• History
  • Religion

From Pinatas to Eating Muskrat: Here Are the Surprising Origins of 5 Lenten Traditions

4 minute read
Updated: | Originally published:

On Ash Wednesday—Feb. 22 this year— it is traditional for Roman Catholics to go to church, where a priest will put ashes made from burnt palms on their foreheads in the shape of a cross. The ritual marks the start of Lent. For 40 days, Roman Catholics are supposed to give up something that means a lot to them, make an extra effort to help those less fortunate than themselves, and abstain from meat on Fridays. (Some Eastern Orthodox Christians eat vegetarian or vegan on certain days.)

Lent culminates in Easter, which is April 9 this year. Traditions like baskets of dyed eggs and candy have become popular. But Easter is also traditionally celebrated by gathering with family for a big meal, often lamb.

Throughout history, Christians have gotten creative about how they ate and how they passed the time during this period of sacrifice, which commemorates the 40 days that Jesus fasted in the desert while being tempted by Satan. Some rituals that started with Lent became so popular on their own that many people don’t realize their connection to the Christian observance and they are no longer associated with Lent.

Here, we’ve rounded up the most surprising Lenten traditions, past and present.

Pinatas: Beating the Seven Deadly Sins with a stick

The tradition of whacking a papier-mâché creation filled with candy originally started in Italy as a Lenten tradition and then was picked up by the Spanish and brought to Mexico, where it became associated with parties. According to Baylor professor Michael Foley, author of Dining with the Saints, “The original pinata was brightly decorated and had seven cones, representing the Seven Deadly Sins, and if you could ‘defeat’ the Seven Deadly Sins, then you got heavenly rewards in the form of that candy.”

Read more: The origins and meanings of the major ‘Holy Week’ rituals

Pretzels: Arms folded in prayer

In the early Middle Ages, Lenten fasting required giving up meat and dairy, so pretzels became popular. Foley says parents used to give them to children as treats for good behavior. The twisty shape is meant to represent “arms folded in prayer,” says Foley’s Dining with the Saints co-author Fr. Leo Patalinghug. (Patalinghug is known as “the cooking priest” for beating celebrity chef Bobby Flay in a cookoff in 2012.)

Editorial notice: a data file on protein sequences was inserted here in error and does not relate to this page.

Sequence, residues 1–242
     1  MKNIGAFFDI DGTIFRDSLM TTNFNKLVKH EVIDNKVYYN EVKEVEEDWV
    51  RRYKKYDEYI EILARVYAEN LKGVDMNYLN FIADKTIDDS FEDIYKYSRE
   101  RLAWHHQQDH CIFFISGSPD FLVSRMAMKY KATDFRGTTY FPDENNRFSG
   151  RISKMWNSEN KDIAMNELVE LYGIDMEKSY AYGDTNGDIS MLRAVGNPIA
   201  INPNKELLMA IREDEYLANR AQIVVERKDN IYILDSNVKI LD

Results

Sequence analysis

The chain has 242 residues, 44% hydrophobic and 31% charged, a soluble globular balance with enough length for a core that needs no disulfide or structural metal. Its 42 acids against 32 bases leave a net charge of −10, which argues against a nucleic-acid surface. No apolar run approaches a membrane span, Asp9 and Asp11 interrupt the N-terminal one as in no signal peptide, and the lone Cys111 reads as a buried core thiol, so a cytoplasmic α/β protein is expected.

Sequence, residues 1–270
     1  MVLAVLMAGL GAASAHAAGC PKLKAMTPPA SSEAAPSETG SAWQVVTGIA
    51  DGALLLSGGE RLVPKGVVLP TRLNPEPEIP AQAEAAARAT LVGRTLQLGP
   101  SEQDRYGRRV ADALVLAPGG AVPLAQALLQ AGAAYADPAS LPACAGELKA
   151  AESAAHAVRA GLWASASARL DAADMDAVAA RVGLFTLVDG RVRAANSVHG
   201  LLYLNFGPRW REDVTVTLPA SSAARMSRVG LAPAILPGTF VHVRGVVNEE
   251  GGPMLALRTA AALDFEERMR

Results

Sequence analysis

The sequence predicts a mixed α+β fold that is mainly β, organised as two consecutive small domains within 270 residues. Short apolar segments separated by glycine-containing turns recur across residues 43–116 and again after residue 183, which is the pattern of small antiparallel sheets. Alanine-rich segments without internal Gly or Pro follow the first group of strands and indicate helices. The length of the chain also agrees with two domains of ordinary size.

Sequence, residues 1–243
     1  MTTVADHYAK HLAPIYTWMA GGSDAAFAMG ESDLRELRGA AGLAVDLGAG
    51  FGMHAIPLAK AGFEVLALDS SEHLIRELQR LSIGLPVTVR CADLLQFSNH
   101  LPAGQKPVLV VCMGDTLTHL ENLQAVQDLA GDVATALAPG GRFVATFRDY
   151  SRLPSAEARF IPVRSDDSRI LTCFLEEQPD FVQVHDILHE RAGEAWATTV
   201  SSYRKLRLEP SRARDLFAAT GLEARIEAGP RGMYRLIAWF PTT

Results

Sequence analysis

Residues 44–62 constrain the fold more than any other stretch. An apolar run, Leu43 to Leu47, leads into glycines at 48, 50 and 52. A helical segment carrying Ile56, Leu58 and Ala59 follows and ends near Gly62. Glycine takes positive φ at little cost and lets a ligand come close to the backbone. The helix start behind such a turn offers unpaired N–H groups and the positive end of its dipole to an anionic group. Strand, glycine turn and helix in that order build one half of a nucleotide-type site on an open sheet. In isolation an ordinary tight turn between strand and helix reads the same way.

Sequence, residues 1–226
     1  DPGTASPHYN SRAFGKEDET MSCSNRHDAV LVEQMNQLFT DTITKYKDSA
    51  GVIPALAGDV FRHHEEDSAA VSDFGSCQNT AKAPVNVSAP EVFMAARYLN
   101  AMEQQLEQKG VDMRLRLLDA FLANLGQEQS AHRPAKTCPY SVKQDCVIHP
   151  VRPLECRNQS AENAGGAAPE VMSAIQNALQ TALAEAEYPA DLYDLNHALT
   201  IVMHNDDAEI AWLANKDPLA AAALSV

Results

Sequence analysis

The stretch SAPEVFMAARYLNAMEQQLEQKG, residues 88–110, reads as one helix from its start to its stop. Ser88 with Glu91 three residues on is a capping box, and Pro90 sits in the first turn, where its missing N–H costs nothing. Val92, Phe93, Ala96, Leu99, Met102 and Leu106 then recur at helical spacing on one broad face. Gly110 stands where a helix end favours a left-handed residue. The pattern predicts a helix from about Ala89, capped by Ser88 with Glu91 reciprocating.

Eels: Helping to pay the rent

During the Middle Ages, some monasteries that owned properties collected rent in eels during the Lenten season when they were abstaining from meat, as historian John Wyatt Greenlee previously told TIME. Medieval monks are thought to have eaten the eels to suppress sexual thoughts while they were fasting.

Hot cross buns: Good for eating, wearing, and what ails you

These buns with the shape of the cross on top have become a traditional dessert during the Lenten season. At first, the cross on top was just how monks would score the bread so it doesn’t bake unevenly, according to Patalinghug. Medieval monks would hand out the mini loaves to the poor. The English made them into a fruit cake and drew the cross on top with icing. Foley says superstitious people would wear hot cross buns around their necks as amulets, and if they got sick, they would nibble on them because they thought that would help them get better.

Read more: This is where the word ‘Easter’ comes from

Muskrat: Michigan’s Lenten treat

Eating muskrat during Lent is a tradition that is alive and well in Michigan. It is said to date back to the French Catholics, who settled south of Detroit in the 18th century. Usually Catholics have to abstain from meat on Fridays during Lent, but, as the story goes, because of the limited food options in the impoverished area throughout the winter, one pastor asked church officials to make an exception for muskrats—a rabbit-sized water-dwelling rodent, according to Detroit-area history teacher ​​Joe Boggs.

Lansing Bishop Kenneth Povish once said, “anyone who could eat muskrat was doing penance worthy of the greatest of the saints.”

More Must-Reads from TIME

Write to Olivia B. Waxman at olivia.waxman@time.com